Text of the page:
In this research, I describe a methodology for the mapping of operational risk with the objective of identifying the risks inherent in the different steps of a business process, selecting the key risk indicators (KRIs) (Hoffman, 2002; Davis and Haubenstock, 2002) and designing the most appropriate control activities. In my approach, therefore, risk mapping is the basis for all the key components of operational risk management – identification, assessment, monitoring/reporting and control/mitigation – as defined by the Basel Committee on Banking Supervision (2003).
There is more than one way to map risks. The most common technique is probably the mapping on a probability/severity chart (Figure 1) so as to identify the key priorities for management. The result in most cases helps to distinguish between high severity/low frequency and high frequency/ low severity losses, but which in general gives no indication as to what management actions to take in order to change the existing risk profile. Another way is to map the risks to the phases of a business activity where they can occur and identify the key risk factors and drivers in the process. This leads to a somewhat more complex result, rich in qualitative information rather than in quantitative assessment, but giving very clear indications as to which parts of the process should be changed in order to make a difference to the overall risk exposure. It also allows for the identification of the KRIs that are more relevant to each risk exposure.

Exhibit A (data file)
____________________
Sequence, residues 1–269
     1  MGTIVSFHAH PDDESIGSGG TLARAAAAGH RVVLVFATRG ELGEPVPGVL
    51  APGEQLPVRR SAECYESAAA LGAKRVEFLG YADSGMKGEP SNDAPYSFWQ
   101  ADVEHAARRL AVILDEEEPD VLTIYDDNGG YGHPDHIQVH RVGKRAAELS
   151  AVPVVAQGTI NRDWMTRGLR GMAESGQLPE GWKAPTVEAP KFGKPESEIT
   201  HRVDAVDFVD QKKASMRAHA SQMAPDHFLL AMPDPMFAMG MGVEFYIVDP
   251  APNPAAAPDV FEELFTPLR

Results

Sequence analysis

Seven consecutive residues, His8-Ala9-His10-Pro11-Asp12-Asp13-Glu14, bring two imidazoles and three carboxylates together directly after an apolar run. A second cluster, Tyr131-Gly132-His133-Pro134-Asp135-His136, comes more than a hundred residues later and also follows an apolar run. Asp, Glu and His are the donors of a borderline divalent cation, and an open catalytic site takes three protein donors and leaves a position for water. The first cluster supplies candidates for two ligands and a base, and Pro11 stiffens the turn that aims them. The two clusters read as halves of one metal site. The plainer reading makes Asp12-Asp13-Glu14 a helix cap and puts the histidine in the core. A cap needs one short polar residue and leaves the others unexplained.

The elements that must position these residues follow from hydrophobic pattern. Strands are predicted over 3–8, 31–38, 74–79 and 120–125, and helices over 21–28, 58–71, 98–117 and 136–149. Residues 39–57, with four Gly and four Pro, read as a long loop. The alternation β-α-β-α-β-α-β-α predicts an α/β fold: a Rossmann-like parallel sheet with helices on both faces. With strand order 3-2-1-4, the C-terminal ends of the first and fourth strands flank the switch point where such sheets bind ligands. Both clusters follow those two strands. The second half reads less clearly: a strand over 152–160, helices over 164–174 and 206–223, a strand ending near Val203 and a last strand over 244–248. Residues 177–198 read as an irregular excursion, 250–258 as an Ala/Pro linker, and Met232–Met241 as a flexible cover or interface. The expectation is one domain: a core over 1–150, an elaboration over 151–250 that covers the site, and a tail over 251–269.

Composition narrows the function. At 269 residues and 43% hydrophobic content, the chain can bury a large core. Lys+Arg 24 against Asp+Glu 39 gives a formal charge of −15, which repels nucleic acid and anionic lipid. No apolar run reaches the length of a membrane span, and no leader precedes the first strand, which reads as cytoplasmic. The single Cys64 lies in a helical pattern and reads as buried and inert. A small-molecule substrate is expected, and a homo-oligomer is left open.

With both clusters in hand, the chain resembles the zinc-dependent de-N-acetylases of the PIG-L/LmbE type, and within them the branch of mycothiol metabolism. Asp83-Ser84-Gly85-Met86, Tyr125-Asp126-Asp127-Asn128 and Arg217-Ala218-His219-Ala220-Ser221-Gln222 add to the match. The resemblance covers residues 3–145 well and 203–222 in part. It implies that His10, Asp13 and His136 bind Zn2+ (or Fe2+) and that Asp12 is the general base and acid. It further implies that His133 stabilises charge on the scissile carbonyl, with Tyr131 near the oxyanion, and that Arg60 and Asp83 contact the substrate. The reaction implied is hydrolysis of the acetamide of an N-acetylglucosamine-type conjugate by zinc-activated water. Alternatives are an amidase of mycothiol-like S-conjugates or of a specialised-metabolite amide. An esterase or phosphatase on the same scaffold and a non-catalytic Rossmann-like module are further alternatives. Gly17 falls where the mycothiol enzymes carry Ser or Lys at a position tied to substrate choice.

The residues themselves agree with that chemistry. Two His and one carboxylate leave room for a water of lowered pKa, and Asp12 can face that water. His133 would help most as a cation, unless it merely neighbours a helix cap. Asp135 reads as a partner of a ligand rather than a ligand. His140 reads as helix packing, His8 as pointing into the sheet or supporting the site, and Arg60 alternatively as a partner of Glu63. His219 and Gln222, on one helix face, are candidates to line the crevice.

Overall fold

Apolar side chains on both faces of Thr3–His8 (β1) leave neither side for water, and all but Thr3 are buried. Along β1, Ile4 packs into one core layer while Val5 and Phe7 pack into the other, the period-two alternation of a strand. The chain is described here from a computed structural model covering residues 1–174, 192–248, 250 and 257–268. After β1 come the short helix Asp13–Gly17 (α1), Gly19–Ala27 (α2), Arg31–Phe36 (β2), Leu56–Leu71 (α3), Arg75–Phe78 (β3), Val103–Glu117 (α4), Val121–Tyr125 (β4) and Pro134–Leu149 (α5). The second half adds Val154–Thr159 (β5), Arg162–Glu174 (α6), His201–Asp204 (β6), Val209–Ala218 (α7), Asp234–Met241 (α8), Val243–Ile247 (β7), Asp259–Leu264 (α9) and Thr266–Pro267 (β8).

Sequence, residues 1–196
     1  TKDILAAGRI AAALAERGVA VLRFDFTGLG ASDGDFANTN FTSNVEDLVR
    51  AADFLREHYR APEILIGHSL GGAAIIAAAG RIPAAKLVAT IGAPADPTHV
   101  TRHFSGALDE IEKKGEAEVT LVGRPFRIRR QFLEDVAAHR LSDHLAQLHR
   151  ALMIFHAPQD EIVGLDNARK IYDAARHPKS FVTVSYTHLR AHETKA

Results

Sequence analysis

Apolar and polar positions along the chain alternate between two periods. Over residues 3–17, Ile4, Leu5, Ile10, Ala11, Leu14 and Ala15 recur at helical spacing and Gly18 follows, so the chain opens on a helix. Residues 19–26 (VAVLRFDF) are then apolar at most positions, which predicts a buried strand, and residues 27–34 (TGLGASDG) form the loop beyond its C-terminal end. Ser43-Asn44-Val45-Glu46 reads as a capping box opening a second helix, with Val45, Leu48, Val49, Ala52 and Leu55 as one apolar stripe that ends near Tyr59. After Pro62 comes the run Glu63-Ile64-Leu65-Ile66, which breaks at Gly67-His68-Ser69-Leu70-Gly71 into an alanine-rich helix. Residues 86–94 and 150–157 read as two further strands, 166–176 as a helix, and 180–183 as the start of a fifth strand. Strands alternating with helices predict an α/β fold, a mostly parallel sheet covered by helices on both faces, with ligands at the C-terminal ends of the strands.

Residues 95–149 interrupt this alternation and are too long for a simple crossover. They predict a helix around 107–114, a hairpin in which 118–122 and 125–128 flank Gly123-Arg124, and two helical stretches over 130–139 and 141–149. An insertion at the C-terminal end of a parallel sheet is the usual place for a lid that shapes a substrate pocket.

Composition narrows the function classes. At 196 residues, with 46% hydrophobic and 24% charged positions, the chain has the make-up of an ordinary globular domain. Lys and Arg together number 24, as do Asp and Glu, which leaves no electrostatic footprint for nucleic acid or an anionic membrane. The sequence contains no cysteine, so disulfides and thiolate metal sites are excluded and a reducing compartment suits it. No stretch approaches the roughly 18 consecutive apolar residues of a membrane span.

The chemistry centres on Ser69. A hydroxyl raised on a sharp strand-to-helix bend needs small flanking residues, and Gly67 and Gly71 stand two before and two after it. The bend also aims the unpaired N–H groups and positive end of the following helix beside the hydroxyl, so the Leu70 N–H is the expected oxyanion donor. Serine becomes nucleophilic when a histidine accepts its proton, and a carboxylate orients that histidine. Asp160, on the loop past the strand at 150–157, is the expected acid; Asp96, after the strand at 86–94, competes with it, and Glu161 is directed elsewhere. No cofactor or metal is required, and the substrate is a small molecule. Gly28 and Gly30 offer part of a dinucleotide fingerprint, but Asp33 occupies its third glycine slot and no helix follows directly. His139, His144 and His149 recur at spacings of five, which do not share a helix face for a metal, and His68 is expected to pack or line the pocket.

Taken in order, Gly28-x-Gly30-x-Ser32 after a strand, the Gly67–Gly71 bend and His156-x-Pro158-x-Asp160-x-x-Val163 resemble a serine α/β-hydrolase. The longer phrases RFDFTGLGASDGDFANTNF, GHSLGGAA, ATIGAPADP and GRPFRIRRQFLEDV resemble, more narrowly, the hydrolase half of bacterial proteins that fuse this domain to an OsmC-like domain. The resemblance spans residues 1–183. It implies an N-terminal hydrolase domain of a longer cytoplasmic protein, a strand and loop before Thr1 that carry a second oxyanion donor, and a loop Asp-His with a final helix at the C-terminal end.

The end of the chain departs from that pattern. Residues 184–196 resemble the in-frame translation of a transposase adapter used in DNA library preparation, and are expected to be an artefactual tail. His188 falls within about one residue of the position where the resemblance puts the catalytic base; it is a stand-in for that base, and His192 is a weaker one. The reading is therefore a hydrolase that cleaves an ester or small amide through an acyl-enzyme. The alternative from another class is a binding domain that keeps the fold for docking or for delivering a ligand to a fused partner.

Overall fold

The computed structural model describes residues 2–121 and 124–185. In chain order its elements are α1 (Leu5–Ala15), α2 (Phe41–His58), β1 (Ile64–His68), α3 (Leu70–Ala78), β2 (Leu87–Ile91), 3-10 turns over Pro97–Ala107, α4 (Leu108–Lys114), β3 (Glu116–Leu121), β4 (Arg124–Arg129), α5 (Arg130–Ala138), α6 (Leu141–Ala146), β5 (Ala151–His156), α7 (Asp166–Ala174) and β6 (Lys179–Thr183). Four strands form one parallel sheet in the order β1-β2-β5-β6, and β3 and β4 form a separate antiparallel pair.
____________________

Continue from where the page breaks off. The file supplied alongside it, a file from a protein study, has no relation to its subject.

Pursuing the application of KRIs to operational risk assessment is suggested by the need to capture the various issues we find with purely statistical approaches as well as the impact that managerial decisions may have on the operational risk profile. In market and credit risk measurement, the key managerial decisions are taken in deciding portfolio composition, thereby affecting the resulting risk profile directly and in a manner that measurement models have no problem in capturing. In operational risk measurement, on the other hand, managerial decisions may affect the risk profile in a number of different ways (through changes in control procedures, systems, personnel, to name but a few), none of which any measurement model can capture in a simple and direct way. Statistical approaches in particular will be at a loss in taking into account such changes, as historical data will reflect a risk and control environment which by and large no longer exists. The requirement of the new Basel Accord (Basel Committee on Banking Supervision, 2004) – to base risk assessment on 5 years of historical data – if taken too literally will have banks generating risk capital charges on the basis of information largely unrelated to the current and, even less, the future risk and control environment.

1.3. Research Question:

This work to start with will take a step back and ask the fundamental question of why do banks fail? Further the work shall research the recommendations of BASEL II and will try to seek the answer for: Will the BASEL II requirements make the systematic goals of safety and stability more achievable for banks/FI’s? If yes, how? If no, how?

1.4. Motivation:

Appropriate “Organizational structure” is a precondition for orderly management of any activity/ group working within the purview of organizational capabilities. Operational risk management is all pervasive in terms of activities of an organization e.g. if ‘people’ factor in operational management is poorly managed in a bank, other activities of the bank e.g. credit/market risk management, are likely to suffer . Similarly, legal aspects of any transaction/ function, if loosely dealt with, increases the likelihood of loss to the organization.
Organizational structure for operational risk management needs to be compact and broad-based. The structure must be compatible with :-